Before a Dyslexia Diagnosis

If your child is having difficulty reading and spelling but is advancing in other areas of their academic life, your child may have dyslexia. The earlier dyslexia is detected, the better it is for your child and you. See our list of dyslexia warning signs to help get a start on the diagnostic process.

The Importance of Diagnosing Dyslexia

Dyslexia cannot be self-diagnosed or confirmed through online assessments. To receive help and accommodations in your child’s school, you will need to obtain an official psychoeducational evaluation. This is often referred to as a “psych ed evaluation,” or simply, an “evaluation.” Undiagnosed dyslexia can manifest itself in your child in multiple ways. Common issues can include anxiety, anger and frustration, social skills and behavioral issues, lack of confidence and even depression.

Your child may try to hide their problem by memorizing or guessing, but frustration will continue to build, especially when schools expect their students to transition from “Learning to Read” to “Reading to Learn.” Getting a dyslexia diagnosis can provide understanding and comfort to both your child and you. It is the first step in getting your child the help he or she needs.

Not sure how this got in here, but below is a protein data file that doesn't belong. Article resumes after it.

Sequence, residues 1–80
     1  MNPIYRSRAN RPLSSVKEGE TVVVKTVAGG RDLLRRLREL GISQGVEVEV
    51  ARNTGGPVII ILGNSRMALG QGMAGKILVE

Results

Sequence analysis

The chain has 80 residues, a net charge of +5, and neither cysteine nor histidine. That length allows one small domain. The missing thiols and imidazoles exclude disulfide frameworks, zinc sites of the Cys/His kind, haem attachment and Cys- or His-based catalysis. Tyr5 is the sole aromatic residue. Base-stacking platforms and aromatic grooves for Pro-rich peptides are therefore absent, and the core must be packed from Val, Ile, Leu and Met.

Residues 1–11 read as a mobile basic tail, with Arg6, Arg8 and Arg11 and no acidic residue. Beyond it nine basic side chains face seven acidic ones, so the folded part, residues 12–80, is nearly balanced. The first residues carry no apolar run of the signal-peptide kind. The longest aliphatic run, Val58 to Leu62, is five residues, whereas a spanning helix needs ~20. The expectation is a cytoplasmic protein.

If you move forward with seeking a diagnosis, a licensed psychologist should give certain tests to assess for dyslexia. These may include the following – tests of intellectual ability (IQ), academic skills including reading, writing, and math, and phonological processing. Assessment of reading should include single-word reading, nonword reading, reading fluency, and reading comprehension.

  • How Do I Get My Child Evaluated?

    A psychoeducational evaluation can be obtained from your public school district’s psychologists. However, depending on your school, the district-based psychologists may not diagnose or recognize dyslexia. Psychoeducational evaluations can also be obtained from some universities and from independent psychologists. A referral list is available upon request.

  • What Do I Do While I'm Waiting For A Diagnosis?

    While you wait for an evaluation appointment, a good start to getting your child the help they need is to explore tutorial assistance.

  • How Can I Learn More About Dyslexia?

    One of your first responsibilities as the parent of a potentially dyslexic student is to become as educated as you can about dyslexia. These Resources are a good starting point. It is also extremely helpful to refer to our website often, and subscribe to our newsletter for the latest news and helpful articles.

Steps to Take If Your Child Has Not Been Diagnosed with Dyslexia Yet

Gather evidence

If you suspect your child is having difficulty in school, gather evidence and documents for your concerns.

Get a teacher involved

Meet with your child’s teacher to discuss your concerns.  Ask if the special education coordinator or school’s counselor can be there. They may have you fill out a referral form prior to meeting.

Pursue a psychoeducational evaluation

Your child has the right to receive a psychoeducational report through the school system. However, at this point, you can pursue a private psychoeducational report.  These can be expensive, but some psychologists or universities may provide sliding fee scales. This option may or may not result in a diagnosis sooner.